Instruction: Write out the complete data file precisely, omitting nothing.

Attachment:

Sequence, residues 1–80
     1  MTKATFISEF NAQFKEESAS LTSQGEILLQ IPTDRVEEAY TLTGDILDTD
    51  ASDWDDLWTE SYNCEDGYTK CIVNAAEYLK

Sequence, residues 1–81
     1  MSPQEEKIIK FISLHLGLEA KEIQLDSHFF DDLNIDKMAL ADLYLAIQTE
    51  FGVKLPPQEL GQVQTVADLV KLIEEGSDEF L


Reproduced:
Sequence, residues 1–80
     1  MTKATFISEF NAQFKEESAS LTSQGEILLQ IPTDRVEEAY TLTGDILDTD
    51  ASDWDDLWTE SYNCEDGYTK CIVNAAEYLK

Sequence, residues 1–81
     1  MSPQEEKIIK FISLHLGLEA KEIQLDSHFF DDLNIDKMAL ADLYLAIQTE
    51  FGVKLPPQEL GQVQTVADLV KLIEEGSDEF L